Beyond Human Challenge: Game Character Winners Interview

In the Beyond Human real-time Game Character Challenge, participants were given 8 weeks to create one game character from the future of humanity rendered in a real-time engine with no paintovers, and a maximum polycount/tri-count of 100k. Like with the last challenge, they were given the choice choosing a concept from Phase 1 or developing their own.

Browse all the entries for this challenge.

Winners Marat LatypovAna Mendes and Leslie Van den Broeck gave great pointers not only on how to approach the next challenge, but also on how to learn and get the most out of the experience.

Tell us about the piece you created and why you choose to either create your own design or choose one from Phase 1.

Marat: I made my concept, because I want to improve my skills of creating my own character design. When you take someone else’s concept and do it in 3D, you activate your imagination a little less, than if you do your original one. It’s more of a technical process.

Ana:  I chose Munkei, a character created by Khoa Việt. His designs are very appealing, stylish and have a lot of elements I love, so I wanted to try to make it into 3D without losing it’s charm.

Leslie: I saw the concepts Hue Teo created for phase 1 and was really inspired to do a piece based on those. I combined 2 of them and filled in the blanks in the blockout stage of the 3d model.

As a first time or returning challenger, what was your strategy for the challenge?

Marat: I have participated in 2 previous challenges and even took HM. I think It increases your skills: creative, technical and communicative. What strategy? I don’t know, I just did what I like. I wanted to do as much as possible and more. And I tried to communicate with everyone.

Ana: My only strategy was to plan ahead. Sometimes when working on personal pieces, I spend many time on my favorite parts of the process (like sculpting hair or fur or texturing) and end up not finishing at a decent time rate. So for this challenge, even working on my spare time, I focused more on finishing it on time and to spend more time on the parts that I find more difficult instead the pleasant ones.

Leslie: This is the first time I entered an ArtStation challenge but I treated it like any other project: get a concept, gather references, do a blockout and then once that works, go through the pipeline to get a clean end result. It’s mostly a time management thing since I worked on the project after work hours and weekends but I still ended up getting it finished in time.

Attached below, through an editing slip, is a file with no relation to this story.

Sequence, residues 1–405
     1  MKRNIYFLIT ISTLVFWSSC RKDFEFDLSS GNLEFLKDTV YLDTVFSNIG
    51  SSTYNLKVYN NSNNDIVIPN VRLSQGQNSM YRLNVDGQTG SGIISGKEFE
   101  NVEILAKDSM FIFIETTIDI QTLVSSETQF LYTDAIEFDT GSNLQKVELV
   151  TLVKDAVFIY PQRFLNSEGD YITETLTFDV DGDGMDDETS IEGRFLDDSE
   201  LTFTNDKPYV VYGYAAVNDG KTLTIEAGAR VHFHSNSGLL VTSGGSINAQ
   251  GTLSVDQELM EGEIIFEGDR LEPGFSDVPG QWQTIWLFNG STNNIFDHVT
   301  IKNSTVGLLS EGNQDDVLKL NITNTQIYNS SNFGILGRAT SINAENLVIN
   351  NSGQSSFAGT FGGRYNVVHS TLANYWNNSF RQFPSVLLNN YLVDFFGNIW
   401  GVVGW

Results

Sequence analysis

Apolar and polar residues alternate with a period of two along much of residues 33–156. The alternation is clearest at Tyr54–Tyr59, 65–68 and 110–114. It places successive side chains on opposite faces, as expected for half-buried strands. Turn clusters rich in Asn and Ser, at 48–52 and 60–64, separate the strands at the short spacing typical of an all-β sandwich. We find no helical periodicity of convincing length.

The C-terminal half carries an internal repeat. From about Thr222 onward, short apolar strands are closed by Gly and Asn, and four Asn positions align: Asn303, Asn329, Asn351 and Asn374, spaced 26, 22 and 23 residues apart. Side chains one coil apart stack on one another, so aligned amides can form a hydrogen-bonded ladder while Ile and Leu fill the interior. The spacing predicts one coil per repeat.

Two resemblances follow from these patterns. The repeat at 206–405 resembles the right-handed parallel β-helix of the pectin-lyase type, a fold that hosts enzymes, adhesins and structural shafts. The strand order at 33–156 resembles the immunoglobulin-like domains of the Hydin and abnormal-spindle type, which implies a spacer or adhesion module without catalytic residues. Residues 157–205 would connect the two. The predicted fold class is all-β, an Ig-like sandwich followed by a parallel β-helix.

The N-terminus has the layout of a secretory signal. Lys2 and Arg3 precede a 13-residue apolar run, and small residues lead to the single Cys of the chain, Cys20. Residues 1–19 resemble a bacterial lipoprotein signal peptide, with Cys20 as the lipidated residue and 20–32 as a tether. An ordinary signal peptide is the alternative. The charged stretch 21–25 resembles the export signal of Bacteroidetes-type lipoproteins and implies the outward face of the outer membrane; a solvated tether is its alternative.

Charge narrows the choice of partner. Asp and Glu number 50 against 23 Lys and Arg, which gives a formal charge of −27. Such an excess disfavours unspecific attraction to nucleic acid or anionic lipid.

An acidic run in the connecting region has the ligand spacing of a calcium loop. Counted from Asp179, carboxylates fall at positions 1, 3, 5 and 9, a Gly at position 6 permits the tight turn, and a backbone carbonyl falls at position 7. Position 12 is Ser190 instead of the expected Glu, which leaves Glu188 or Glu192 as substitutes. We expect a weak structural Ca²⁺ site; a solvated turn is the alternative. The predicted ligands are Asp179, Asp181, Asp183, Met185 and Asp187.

Were there any other submissions you were following?

Marat: Of course! I followed a lot of works, not only in my contest thread, but also in others. Lots of good works!

Ana: Yes, there was a lot of great submissions! I was following Marat Latypov, he made such a cool character. I like the volume and silhouette of Carl-Christian Gehl’s model and Leslie Van den Broeck‘s textures, hard surface and presentation. Also Dan Francis‘s lowpoly turned out great, very stylish and close to the concept.

Leslie: Yeah quite a few of them , there were a lot of amazing phase 1 concepts that people were picking up and knocking out of the park so it was hard not to admire some of it. Its great to see peoples progress too instead of just seeing the final shots, it give great insight into the process.

What do you think is the most difficult part about the the 3D character challenge? 

Marat: The most difficult part is to do things you’ve never done before, but that’s also the most interesting part! And of course it’s difficult to do what you don’t like. For me it is retopology, UV and other kinds of boring technical processes.

Ana: The most difficult part for me is to make a good pose and presentation, I guess. The final touches are always hard, picking the wrong color or a bad angle can bring down the model instead of making it pop up.

Leslie: Like mentioned before, time management and setting the scope realistically is usually the biggest factor with challenges like these. You need to plan out your project if you want to finish it in time.

What is your advice for future challengers? 

Marat: Approach the process creatively. Look at what others do and how they do it. Ask for feedback from others and really listen to it. Communicate and be friendly.

Ana: Enjoy what you’re doing and plan the steps before you start, so you won’t lose the focus along the way and have more chances on finishing your entry.

Leslie: Find a concept that suits your style and that you’re really excited about (or design one) but at the same time, challenge yourself and learn something new in the process!

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About the author

Sierra is the Editor of ArtStation Magazine.